The tech-savvy future of education

With the rise in technological developments around the world, pupils are being encouraged to become more tech-savvy in order to thrive in the workplace of the future.


According to CEO and Chairperson of Cochrane Associates, Peter Cochrane, young people have a bright future in the technological era, as they easily adapt to the changes.

“There is a need for people with technological skills as much, or even more than the need for people with skills in other fields,” he says. 

The rise of pupils taking IT and computer applications technology as high school subjects in South Africa has risen since they were introduced to the outcome-based education, further education and training and Institute for Better Education curricula in 2006.

Siyivula Education CEO Mark Horner says that the focus should not be on the new forms of technology, but rather on how technology is aiding learning.

According to TopUniversities, computer science degrees focus on the theoretical foundations of information and computation, taking a scientific and practical approach to computation and its applications.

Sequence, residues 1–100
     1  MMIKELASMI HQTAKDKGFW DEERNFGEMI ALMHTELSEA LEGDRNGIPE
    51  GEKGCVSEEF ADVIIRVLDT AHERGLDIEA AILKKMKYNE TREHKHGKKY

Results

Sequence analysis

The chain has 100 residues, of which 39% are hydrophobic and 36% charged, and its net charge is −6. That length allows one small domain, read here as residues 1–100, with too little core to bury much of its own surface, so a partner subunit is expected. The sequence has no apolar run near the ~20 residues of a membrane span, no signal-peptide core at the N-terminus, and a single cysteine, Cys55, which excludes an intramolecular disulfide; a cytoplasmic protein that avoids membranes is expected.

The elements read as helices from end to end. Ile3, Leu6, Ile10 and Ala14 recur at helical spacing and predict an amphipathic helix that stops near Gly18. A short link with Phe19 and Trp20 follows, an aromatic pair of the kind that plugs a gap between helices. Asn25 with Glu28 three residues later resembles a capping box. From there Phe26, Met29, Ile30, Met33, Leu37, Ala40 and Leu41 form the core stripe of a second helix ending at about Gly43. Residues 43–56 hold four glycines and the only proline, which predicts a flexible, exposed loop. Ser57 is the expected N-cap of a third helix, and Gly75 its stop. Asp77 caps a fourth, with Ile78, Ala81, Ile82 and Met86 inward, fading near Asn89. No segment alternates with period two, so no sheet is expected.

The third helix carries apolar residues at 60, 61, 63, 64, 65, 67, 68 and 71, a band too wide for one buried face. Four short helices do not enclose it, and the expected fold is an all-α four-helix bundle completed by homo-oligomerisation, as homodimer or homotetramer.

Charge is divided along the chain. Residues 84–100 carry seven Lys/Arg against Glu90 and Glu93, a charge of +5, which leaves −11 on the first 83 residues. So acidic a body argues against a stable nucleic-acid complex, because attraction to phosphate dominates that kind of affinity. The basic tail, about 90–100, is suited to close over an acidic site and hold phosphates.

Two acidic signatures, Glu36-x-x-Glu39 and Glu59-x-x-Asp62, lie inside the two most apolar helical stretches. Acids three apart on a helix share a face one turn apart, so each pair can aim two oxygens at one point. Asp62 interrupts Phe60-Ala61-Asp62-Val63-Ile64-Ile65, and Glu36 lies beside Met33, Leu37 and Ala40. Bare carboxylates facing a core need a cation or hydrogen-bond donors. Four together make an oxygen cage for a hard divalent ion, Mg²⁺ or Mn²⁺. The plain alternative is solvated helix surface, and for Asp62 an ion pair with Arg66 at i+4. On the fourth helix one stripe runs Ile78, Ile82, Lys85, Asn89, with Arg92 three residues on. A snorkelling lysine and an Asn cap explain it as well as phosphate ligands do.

Technology will not resolve all our educational problems

According to The Complete University Guide, these are a few reasons for studying a computer science degree:

  • The digital age needs computer scientists
  • We are living in a digital age and computer programs have infiltrated every aspect of life.
  • Computer scientists earn a lot
  • Computer scientists are in demand and salaries reflect this.
  • Computer scientists can work in every type of industry
  • Virtually every industry uses computers.
  • Internationally diverse cohort
  • Computer scientists work with international content all the time, exposing them to different cultures.
  • Year abroad opportunities
  • The skills of a computer scientist can be used in any country.

With an unemployment rate that has risen to 55,90% in the second quarter of 2017, South African youths are being encouraged to explore different work avenues.​


However, not everyone is optimistic about South Africa’s next working generation focusing on technology.


According to Immersive Minds Director Stephen Reid, technology will not resolve all our educational problems.


“We need to create a ‘maker’ mentality, not a technologically dependent one. The true value of educational technology lies in how effectively you use it,” says Reid.